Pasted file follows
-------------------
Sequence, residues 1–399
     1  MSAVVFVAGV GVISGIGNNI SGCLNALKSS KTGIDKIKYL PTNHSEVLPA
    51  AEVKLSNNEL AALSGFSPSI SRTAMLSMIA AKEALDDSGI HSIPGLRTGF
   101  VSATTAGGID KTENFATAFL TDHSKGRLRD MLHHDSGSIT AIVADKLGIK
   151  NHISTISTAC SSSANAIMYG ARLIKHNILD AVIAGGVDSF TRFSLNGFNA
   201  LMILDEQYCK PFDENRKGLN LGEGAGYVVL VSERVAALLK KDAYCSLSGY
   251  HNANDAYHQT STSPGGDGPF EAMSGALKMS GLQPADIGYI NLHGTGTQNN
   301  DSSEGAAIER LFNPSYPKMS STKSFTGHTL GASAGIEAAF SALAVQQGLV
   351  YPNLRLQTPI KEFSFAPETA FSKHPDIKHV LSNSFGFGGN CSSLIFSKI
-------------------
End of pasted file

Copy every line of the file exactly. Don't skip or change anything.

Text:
Sequence, residues 1–399
     1  MSAVVFVAGV GVISGIGNNI SGCLNALKSS KTGIDKIKYL PTNHSEVLPA
    51  AEVKLSNNEL AALSGFSPSI SRTAMLSMIA AKEALDDSGI HSIPGLRTGF
   101  VSATTAGGID KTENFATAFL TDHSKGRLRD MLHHDSGSIT AIVADKLGIK
   151  NHISTISTAC SSSANAIMYG ARLIKHNILD AVIAGGVDSF TRFSLNGFNA
   201  LMILDEQYCK PFDENRKGLN LGEGAGYVVL VSERVAALLK KDAYCSLSGY
   251  HNANDAYHQT STSPGGDGPF EAMSGALKMS GLQPADIGYI NLHGTGTQNN
   301  DSSEGAAIER LFNPSYPKMS STKSFTGHTL GASAGIEAAF SALAVQQGLV
   351  YPNLRLQTPI KEFSFAPETA FSKHPDIKHV LSNSFGFGGN CSSLIFSKI